Provided by Bertison-George, LLC For the first time in a while, the value of all the transportation routes based on front month pricing was negative. www.bertison-george.com While the values were not significant, the percentage differential was. Transco Leidy to Algonquin and Transco Leidy to Transco Z6 lost around half of their value, decreasing by 61% and 57% respectfully. TETCO M3 to Transco Z6 was not far off, dropping 45%. The lack of transportation value to the Northeast will only be temporary and most likely will change next month.
September 2019 | The PIOGA Press 21
Spud Report: August 2019 The data show below comes from the Department of Environmental Protection. A variety of interactive reports are OPERATOR
Allegany Resource Dev LLC ARD Opr LLC Bearcat Oil Co LLC Blackhawk Energy LLC Cabot Oil & Gas Corp
Cameron Energy Co
1 1 1 1 7
Clean Energy Expl & Production 1 Huntley & Huntley Energy Expl 2 Jett Oil LLC
8/10/19 8/3/19 8/27/19 8/14/19 8/5/19 8/5/19 8/5/19 8/5/19 8/5/19 8/5/19 8/5/19 8/6/19 8/19/19 8/27/19 8/29/19 8/12/19 8/12/19 8/22/19
available at www.dep.pa.gov/DataandTools/Reports/Oil and Gas Reports. The table is sorted by operator and lists the total wells reported as drilled last month. Spud is the date drilling began at a well site. The API number is the drilling permit number issued to the well operator. An asterisk (*) after the API number indicates a conventional well.
083-57120* 081-21808 123-48240* 083-57201* 115-22625 115-22627 115-22623 115-22624 115-22622 115-22626 115-22628 123-48223* 123-48220* 123-48216* 117-21836 129-29011 129-29012 123-48288*
McKean Lycoming Warren McKean Susquehanna Susquehanna Susquehanna Susquehanna Susquehanna Susquehanna Susquehanna Warren Warren Warren Tioga Westmoreland Westmoreland Warren
Keating Twp Cascade Twp Mead Twp Wetmore Twp Bridgewater Twp Bridgewater Twp Bridgewater Twp Bridgewater Twp Bridgewater Twp Bridgewater Twp Bridgewater Twp Sheffield Twp Sheffield Twp Sheffield Twp Delmar Twp Allegheny Twp Allegheny Twp Pleasant Twp
Johnson Well Svc LLC
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KCS Energy Inc Kylander Oil Inc PennEnergy Resources LLC
PVE Oil Corp Inc
Range Resources Appalachia
Rice Drilling B LLC Weldbank Energy Corp
Wilmoth Interests Inc
Total wells Unconventional Gas Conventional Gas Oil Combination Oil/Gas Storage
August 42 21 0 20 1 0
2 8/27/19 8/30/19 1 8/29/19 1 8/5/19 5 8/9/19 8/10/19 8/10/19 8/11/19 8/11/19 3 8/1/19 8/6/19 8/12/19 3 8/27/19 8/28/19 8/28/19 1 8/26/19 8/26/19 5 8/5/19 8/7/19 8/13/19 8/16/19 8/23/19 2 8/15/19 8/27/19
123-48402* 123-48403* 123-48266* 123-48381* 019-22819 019-22816 019-22820 019-22817 019-22818 083-57188* 083-57191* 083-57189* 125-28755 125-28653 125-28654 125-28674 125-28673 123-48334* 123-48335* 123-48337* 123-48338* 123-48336* 123-48351* 123-48353*
Warren Warren Warren Warren Butler Butler Butler Butler Butler McKean McKean McKean Washington Washington Washington Washington Washington Warren Warren Warren Warren Warren Warren Warren
Mead Twp Mead Twp Watson Twp Glade Twp Winfield Twp Winfield Twp Winfield Twp Winfield Twp Winfield Twp Sergeant Twp Sergeant Twp Sergeant Twp Independence Tw Independence Tw Independence Tw Somerset Twp Somerset Twp Mead Twp Mead Twp Mead Twp Mead Twp Mead Twp Mead Twp Mead Twp
July 96 73 0 22 0 1
June 64 45 0 19 0 0
May 93 83 0 8 0 2
April 58 44 0 14 0 0
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Calendar of Events PIOGA events PIOGA event info: pioga.org/event Fall Conference, Equipment & Vendor Show and Golf/Clay Shoot September 24-25, Seven Springs Mountain Resort, Champion Annual Membership Meeting October 15, The Chadwick, Wexford PIOGATech: Workplace Security — In the Office and In the Field October 17, Hilton Garden Inn, Canonsburg Halloween Theme Networking Event November 1, Location TBA Marcellus to Manufacturing Conference November 7, Energy Innovation Center, Pittsburgh Annual Oil & Gas Tax and Accounting Seminar November 21, Holiday Inn Express Southpointe, Canonsburg PIOGATech: Air Quality Compliance December 17, The Chadwick, Wexford Holiday Mixer December 17, The Chadwick, Wexford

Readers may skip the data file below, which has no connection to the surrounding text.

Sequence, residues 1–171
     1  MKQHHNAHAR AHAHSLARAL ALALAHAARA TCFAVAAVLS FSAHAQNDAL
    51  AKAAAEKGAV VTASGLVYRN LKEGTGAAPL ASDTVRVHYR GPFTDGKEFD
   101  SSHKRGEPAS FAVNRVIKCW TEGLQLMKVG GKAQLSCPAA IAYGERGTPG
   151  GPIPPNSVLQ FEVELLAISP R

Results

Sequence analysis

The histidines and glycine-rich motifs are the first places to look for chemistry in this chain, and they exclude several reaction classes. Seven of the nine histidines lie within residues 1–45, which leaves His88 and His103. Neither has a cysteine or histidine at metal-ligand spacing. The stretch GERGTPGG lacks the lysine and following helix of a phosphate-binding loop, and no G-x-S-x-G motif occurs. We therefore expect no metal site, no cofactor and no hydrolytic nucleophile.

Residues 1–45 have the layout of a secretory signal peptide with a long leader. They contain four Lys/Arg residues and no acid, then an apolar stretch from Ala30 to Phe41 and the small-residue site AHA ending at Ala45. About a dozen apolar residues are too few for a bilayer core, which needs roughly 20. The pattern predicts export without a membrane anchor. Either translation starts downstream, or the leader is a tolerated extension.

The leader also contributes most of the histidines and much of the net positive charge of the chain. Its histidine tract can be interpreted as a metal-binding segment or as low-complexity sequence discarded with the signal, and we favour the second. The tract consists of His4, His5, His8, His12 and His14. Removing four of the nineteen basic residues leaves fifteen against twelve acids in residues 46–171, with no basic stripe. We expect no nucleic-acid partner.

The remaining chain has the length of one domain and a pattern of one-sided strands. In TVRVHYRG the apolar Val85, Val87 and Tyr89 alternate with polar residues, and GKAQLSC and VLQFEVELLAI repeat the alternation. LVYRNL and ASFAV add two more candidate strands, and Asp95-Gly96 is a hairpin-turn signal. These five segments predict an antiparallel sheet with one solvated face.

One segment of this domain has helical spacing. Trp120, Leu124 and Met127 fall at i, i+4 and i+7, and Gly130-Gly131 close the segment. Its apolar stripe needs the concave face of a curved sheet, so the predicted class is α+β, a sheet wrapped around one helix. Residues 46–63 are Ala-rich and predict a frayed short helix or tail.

Other association & industry events IOGAWV Sports Weekend September 13-14, Bridgeport Country Club, Morgantown, WV iogawv.com 48th Annual AAPG Eastern Section Meeting October 12-16, Columbus, OH www.esaapg.org/annual-meeting Shale Insight October 22-24, David L. Lawrence Convention Center, Pittsburgh shaleinsight.com IPAA Mid-Year Meeting November 6-8, The Fairmont, Georgetown, MD www.ipaa.org/events OOGA 2020 Annual Meeting March 4, Columbus, OH www.ooga.org/events
PIOGA Board of Directors Gary Slagel (Chairman), Steptoe & Johnson PLLC Sam Fragale (Vice Chairman), Freedom Energy Resources LLC Frank J. Ross (2nd Vice Chairman), T&F Exploration, LP James Kriebel (Treasurer), Kriebel Companies Jack Crook (Secretary), Diversified Resources, Inc. Robert Beatty Jr., InsightFuel / Robert Beatty Oil & Gas Stanley J. Berdell, BLX, Inc. Brook Bertig-Coll, Fisher Associates Enrico Biasetti, NG Advantage LLC Sara Blascovich, HDR, Inc. Carl Carlson, Range Resources - Appalachia, LLC Ken Fleeman, ABARTA Energy Michael Hillebrand, Huntley & Huntley, Inc. David Marks, Dominion Energy Field Services Teresa Irvin McCurdy, TD Connections, Inc. Daniel McGraw, Pennsylvania General Energy Co., LLC Bill Murray, American Refining Group, Inc. Bill Polacek, Environmental Tank & Container Beth Powell, New Pig Energy August Seibel, IMG Midstream Jake Stilley, Patriot Exploration Corporation Chris Veazey, EnerVest Operating, LLC Jennifer Vieweg, Greylock Energy Jeff Walentosky, Moody and Associates, Inc. Ben Wallace, Penneco Oil Company, Inc.
Committee Chairs Environmental Committee Paul Hart, Diversified Gas & Oil Corporation Ken Fleeman, ABARTA Energy Legislative Committee Ben Wallace, Penneco Oil Company Kevin Gormly, Steptoe & Johnson PLLC (Vice Chairman) Market Development Committee David Marks, Dominion Energy Field Services Sandy Spencer, Appellation Construction Services, LLC Safety Committee Wayne Vanderhoof, RETTEW Tax Committee Bill Phillips, Arnett Carbis Toothman, LLP
Staff Dan Weaver (email@example.com), President & Executive Director Kevin Moody (firstname.lastname@example.org), Vice President & General Counsel Debbie Oyler (email@example.com), Director of Member Services and Finance Matt Benson (firstname.lastname@example.org), Director of Internal Communications (also newsletter advertising & editorial contact) Joyce Turkaly (email@example.com), Director of Natural Gas Market Development Danielle Boston (firstname.lastname@example.org), Director of Administration Deana McMahan (email@example.com), Administrative Assistant & Committee Liaison
Pennsylvania Independent Oil & Gas Association
PIOGA Centennial knife To commemorate PIOGA’s 100th anniversary, we commissioned this knife from W.R. Case & Sons Cutlery Company in Bradford. The limited edition, collector quality knife and wooden display box feature the Centennial logo. It makes a great gift! Get yours before they’re gone at members.pioga.org.
115 VIP Drive, Suite 210, Wexford, PA 15090-7906 724-933-7306 • fax 724-933-7310 • www.pioga.org Harrisburg Office (Kevin Moody) 212 Locust Street, Suite 300, Harrisburg, PA 17101 717-234-8525 Northern Tier Office (Matt Benson) 167 Wolf Farm Road, Kane, PA 16735 Phone/fax 814-778-2291 © 2019, Pennsylvania Independent Oil & Gas Association
September 2019 | The PIOGA Press 23
Pennsylvania: The Keystone to America’s Energy Future®
115 VIP Drive, Suite 210 Wexford, PA 15090-7906
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The PIOGA Press • September 2019
The monthly newsletter of the Pennsylvania Independent Oil & Gas Association (PIOGA).